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2015 (English)In: Environmental Pollution, ISSN 0269-7491, E-ISSN 1873-6424, Vol. 206, p. 306-314Article in journal (Refereed) Published
Abstract [en]

Hexabromocyclododecane (HBCDD) is an additive brominated flame retardant and a recognized PBT chemical. However, little is known about its effects on coastal species, and even less on ecosystem effects. We investigated the dose-response effects of HBCDD over 8 months in 1000 L experimental mesocosms assembled from coastal Baltic Sea ecosystem components. HBCDD was added via spiked plankton material and a range of structural and functional endpoints were measured during the experiment. Increasing HBCDD concentration decreased the biomass of large Macoma balthica, resulting in a decreased recirculation of nutrients to the water. Changes in plankton communities were also observed, either due to direct toxic HBCDD effects or indirect via changes in benthic-pelagic coupling of nutrients. Such complex ecosystem responses can only be quantified and understood by using realistic experimental set-ups, and including knowledge of system-specific ecological interactions. This is the first study of HBCDD effects on ecosystem level.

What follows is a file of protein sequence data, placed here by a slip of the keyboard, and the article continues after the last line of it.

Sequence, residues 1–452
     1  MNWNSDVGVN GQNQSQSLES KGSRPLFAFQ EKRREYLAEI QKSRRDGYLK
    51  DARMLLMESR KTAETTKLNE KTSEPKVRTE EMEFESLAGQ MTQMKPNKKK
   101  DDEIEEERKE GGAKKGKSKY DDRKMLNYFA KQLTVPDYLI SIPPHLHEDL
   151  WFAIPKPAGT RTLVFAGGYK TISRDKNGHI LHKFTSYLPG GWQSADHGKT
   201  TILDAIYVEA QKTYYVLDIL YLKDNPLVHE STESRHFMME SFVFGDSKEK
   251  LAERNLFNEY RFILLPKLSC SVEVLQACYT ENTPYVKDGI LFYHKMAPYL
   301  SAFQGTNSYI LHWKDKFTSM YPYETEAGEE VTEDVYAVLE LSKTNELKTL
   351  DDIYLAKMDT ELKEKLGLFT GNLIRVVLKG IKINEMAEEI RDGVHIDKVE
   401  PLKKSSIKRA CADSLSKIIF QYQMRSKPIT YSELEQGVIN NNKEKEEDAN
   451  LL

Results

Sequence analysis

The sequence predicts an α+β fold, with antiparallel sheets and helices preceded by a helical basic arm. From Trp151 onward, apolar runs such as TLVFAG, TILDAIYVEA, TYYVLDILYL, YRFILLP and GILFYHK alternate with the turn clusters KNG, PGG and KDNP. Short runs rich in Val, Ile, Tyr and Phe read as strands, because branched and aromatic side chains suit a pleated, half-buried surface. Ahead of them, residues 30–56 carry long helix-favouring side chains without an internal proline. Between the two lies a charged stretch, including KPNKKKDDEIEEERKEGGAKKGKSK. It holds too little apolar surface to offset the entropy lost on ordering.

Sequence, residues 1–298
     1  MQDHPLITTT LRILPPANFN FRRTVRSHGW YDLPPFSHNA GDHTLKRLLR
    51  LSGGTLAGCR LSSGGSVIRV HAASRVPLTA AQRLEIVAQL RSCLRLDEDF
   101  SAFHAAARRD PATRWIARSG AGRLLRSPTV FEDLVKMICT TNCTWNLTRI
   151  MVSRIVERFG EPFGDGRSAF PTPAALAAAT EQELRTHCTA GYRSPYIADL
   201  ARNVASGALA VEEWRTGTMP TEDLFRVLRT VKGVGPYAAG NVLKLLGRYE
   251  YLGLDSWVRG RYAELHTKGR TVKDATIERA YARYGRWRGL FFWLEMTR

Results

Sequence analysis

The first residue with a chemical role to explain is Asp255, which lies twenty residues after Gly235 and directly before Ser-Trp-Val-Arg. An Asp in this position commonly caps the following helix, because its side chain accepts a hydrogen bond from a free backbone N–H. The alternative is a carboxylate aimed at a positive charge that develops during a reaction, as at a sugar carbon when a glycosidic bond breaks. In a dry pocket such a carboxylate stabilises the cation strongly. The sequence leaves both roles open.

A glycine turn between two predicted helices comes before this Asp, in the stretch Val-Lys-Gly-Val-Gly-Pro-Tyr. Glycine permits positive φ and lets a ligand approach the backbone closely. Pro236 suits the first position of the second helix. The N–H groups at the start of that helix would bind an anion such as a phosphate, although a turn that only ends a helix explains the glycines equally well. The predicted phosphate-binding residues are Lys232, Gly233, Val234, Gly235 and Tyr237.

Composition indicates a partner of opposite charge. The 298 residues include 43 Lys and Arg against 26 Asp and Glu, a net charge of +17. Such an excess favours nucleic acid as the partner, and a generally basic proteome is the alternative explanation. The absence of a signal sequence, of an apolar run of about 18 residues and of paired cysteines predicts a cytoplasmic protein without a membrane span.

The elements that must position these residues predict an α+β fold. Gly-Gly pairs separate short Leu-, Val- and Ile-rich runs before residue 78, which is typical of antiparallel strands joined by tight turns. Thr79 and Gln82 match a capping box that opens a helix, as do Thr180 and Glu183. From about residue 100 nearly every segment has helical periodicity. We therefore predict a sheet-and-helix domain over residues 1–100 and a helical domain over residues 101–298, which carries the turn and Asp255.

Keywords
Baltic sea, Brominated flame retardants, HBCDD, Indirect ecosystem effects, Mesocosm study, Structural equation modelling
National Category
Environmental Sciences
Identifiers
urn:nbn:se:sh:diva-28180 (URN)10.1016/j.envpol.2015.07.012 (DOI)000366235700038 ()26219072 (PubMedID)2-s2.0-84937778260 (Scopus ID)
Funder
The Foundation for Baltic and East European Studies
Available from: 2015-09-03 Created: 2015-09-03 Last updated: 2018-07-20Bibliographically approved
Thorsson, M. H., Hedman, J. E., Bradshaw, C., Gunnarsson, J. S. & Gilek, M. (2008). Effects of settling organic matter on the bioaccumulation of cadmium and BDE-99 by Baltic Sea benthic invertebrates. Marine Environmental Research, 65(3), 264-281
Open this publication in new window or tab >>Effects of settling organic matter on the bioaccumulation of cadmium and BDE-99 by Baltic Sea benthic invertebrates
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2008 (English)In: Marine Environmental Research, ISSN 0141-1136, E-ISSN 1879-0291, Vol. 65, no 3, p. 264-281Article in journal (Refereed) Published
Abstract [en]